This week I had the good fortune of being at work when two bartenders from Death and Company, Brian Miller and Joaquin Simo, came into town. Joined by Camper English, a favorite local spirits writer and a blogger-inspiration of mine, they warmed the bar for most of the night. Camper wrote about this Drink Jinx of an evening here.
Of course, we promptly started geeking out on all things bar- and cocktail-related:
“Who makes your shaking tins? No, not those ones, the other ones?” “Listen to the sound they make when you shake.”
“You still have some old Noilly Prat left? Lucky you.”
“Those are some sexy ice spears. Where do you get your molds?”
And there was one reference to a cocktail so delicious one might want to put a part of his anatomy into it.
I was referred to, at least once, as the “Queen of Syrup,” a moniker that brings me immense delight.
Once people learn that I make cocktail ingredients, they are usually interested in having a drink made with some. So Joaquin ordered a Ward 8, purportedly one of his favorite whiskey cocktails.
The Ward 8 or variably Ward Eight, is a cocktail originating in 1898 in Boston, Massachusetts at the bar of the Gilded Age restaurant Locke-Ober. In 1898 Democratic political czar Martin M. Lomasney hoped to capture a seat in the state’s legislature, the General Court of Massachusetts. Lomasney was nicknamed the “Boston Mahatma” and had held considerable power in the city for nearly 50 years. The story goes that the drink was created to honor his election, and the city’s Ward 8 which historically delivered him a winning margin. Competing, but unfounded myths abound in print and on the Internet. One story purports that it originated in New York in an area known for political corruption, another that the cocktail is a traditional drink of the Scottish Guards.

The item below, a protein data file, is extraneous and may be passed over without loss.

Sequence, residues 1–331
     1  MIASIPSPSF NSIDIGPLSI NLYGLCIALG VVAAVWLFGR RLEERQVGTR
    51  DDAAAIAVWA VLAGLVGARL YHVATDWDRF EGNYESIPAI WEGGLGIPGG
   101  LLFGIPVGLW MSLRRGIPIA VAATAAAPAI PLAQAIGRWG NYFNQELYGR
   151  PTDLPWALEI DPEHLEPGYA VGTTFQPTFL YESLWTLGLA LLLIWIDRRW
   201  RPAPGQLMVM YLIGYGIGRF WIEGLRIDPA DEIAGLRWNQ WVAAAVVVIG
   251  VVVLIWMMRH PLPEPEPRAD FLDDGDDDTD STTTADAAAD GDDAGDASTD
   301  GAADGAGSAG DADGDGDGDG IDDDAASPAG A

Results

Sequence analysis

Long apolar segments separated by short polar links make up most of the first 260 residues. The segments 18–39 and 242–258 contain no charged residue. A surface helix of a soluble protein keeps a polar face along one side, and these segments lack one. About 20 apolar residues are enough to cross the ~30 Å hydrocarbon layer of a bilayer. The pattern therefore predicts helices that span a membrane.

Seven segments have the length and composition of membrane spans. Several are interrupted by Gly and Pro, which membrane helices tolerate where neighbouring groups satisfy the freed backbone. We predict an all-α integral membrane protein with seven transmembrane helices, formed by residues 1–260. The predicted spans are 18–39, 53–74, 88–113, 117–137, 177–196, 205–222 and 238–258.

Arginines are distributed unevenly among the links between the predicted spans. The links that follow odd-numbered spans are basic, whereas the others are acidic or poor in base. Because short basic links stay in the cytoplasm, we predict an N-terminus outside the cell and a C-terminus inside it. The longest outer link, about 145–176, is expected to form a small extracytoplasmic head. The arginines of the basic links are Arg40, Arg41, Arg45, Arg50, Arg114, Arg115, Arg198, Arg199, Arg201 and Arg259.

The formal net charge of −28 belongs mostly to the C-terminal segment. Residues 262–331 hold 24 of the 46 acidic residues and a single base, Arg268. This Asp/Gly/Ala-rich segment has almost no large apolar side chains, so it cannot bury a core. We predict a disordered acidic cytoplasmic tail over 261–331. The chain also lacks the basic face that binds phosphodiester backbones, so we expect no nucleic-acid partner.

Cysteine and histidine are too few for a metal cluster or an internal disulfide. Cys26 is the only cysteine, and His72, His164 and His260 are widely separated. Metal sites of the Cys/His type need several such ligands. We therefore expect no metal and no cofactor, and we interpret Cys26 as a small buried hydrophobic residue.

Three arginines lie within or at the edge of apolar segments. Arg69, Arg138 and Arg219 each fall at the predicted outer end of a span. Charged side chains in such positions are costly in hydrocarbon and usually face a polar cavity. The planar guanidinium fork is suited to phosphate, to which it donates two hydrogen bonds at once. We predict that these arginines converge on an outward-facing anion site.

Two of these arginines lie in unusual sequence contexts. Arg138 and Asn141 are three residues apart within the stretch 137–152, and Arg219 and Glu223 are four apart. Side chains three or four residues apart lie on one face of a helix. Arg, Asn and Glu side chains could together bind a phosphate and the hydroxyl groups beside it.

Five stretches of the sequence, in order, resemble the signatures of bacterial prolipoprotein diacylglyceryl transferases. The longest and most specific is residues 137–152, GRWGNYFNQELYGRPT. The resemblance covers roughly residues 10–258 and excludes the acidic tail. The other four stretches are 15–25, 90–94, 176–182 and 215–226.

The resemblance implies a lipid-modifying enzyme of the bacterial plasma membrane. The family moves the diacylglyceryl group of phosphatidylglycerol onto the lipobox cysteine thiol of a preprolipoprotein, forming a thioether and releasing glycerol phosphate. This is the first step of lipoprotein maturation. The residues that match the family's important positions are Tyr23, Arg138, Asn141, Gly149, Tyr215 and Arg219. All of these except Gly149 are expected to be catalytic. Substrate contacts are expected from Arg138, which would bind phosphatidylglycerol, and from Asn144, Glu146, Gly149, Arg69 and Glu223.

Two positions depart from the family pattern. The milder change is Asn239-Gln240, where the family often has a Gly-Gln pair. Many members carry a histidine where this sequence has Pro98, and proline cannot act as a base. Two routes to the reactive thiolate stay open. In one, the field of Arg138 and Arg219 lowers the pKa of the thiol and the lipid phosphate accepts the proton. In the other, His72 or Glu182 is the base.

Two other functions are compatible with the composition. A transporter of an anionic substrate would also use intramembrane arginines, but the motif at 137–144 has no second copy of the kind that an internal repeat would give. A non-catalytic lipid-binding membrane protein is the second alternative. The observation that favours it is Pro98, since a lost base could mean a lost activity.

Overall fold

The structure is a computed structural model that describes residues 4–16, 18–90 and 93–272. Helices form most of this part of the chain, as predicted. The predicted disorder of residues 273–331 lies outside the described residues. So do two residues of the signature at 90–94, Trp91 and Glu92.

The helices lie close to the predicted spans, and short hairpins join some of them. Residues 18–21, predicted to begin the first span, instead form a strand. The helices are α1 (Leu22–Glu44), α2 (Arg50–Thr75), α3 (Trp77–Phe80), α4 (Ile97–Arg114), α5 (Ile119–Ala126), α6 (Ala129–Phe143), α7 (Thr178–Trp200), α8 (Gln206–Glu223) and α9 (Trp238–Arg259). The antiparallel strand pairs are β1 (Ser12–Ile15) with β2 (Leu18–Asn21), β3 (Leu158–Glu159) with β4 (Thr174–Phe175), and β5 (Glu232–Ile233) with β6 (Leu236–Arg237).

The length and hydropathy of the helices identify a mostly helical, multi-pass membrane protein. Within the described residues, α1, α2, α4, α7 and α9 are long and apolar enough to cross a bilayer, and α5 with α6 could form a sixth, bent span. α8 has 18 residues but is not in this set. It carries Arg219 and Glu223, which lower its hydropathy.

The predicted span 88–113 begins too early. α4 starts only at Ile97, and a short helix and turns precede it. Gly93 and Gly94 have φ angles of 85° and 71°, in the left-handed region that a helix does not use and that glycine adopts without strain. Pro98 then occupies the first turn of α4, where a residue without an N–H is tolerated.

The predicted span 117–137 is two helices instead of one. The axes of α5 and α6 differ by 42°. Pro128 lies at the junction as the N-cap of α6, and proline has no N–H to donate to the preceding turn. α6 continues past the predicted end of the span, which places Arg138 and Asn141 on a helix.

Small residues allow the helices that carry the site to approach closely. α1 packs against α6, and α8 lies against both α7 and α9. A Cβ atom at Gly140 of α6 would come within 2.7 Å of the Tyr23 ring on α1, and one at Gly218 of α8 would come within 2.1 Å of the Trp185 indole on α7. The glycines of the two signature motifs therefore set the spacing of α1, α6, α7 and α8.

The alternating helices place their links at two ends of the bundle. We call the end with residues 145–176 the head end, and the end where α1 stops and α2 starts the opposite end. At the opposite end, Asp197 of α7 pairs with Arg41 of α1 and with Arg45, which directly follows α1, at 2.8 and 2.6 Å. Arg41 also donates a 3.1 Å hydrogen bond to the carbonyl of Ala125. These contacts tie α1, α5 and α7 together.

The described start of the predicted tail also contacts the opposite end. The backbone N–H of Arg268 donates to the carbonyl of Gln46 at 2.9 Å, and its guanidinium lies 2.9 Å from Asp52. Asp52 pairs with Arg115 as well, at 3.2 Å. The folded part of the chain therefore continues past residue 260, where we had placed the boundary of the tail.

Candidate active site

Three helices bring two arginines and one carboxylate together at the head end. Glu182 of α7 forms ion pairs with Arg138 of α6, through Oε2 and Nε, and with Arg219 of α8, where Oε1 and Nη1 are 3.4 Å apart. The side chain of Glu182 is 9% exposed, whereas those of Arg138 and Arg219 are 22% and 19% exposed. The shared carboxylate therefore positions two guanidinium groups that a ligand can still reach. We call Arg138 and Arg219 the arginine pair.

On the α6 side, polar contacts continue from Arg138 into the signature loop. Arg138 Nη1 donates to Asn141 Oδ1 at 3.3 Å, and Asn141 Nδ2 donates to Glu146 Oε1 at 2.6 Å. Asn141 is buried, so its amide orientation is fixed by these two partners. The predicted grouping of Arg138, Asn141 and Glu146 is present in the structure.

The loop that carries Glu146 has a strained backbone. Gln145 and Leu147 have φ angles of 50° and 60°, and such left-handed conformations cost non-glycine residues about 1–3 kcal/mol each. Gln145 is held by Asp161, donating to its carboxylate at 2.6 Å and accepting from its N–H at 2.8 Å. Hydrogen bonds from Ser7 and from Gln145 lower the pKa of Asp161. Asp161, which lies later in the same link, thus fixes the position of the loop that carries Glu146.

I’ve never been a huge fan of this drink; perhaps this is because I, like many, tend to drink my whiskey straight or in aromatic cocktails like manhattans and old-fashioneds. I often taste a “dirty” quality when mixing citrus into whiskey. I’m not sure where this comes from. I have noticed it is more prevalent with rye than bourbon. But made with a sweeter, richer, less spicy bourbon, the Ward 8 can be a lovely, integrated cocktail that nonetheless showcases the spirit quite well.
One note: These proportions are based on Small Hand Foods grenadine. If you make your own, or use commercial stuff, you may have to adjust the recipe to taste. I highly recommend making your own, as I have yet to find widely available grenadine that is made primarily of pomegranate juice. A good discussion on homemade product can be found via the lovely folks at egullet here.
2 oz whiskey
1/2 oz fresh lemon juice
1/2 oz fresh orange juice
1/2 oz grenadine
Shake vigorously in mixing tins, then double-strain into a chilled cocktail glass. Garnish with a lemon twist or orange twist, if desired.
Here in Boston it is a must know cocktail, but I rarely see them being ordered (although very popular when we brought the fixings to a recent election results party). It’s just a glorified whiskey sour with a better name and a better history.
The recipe we use is 2 oz rye, 3/4 oz lemon juice, 1/2 oz homemade grenadine, although I have had the lemon-orange juice version before which does make for a somewhat smoother drink.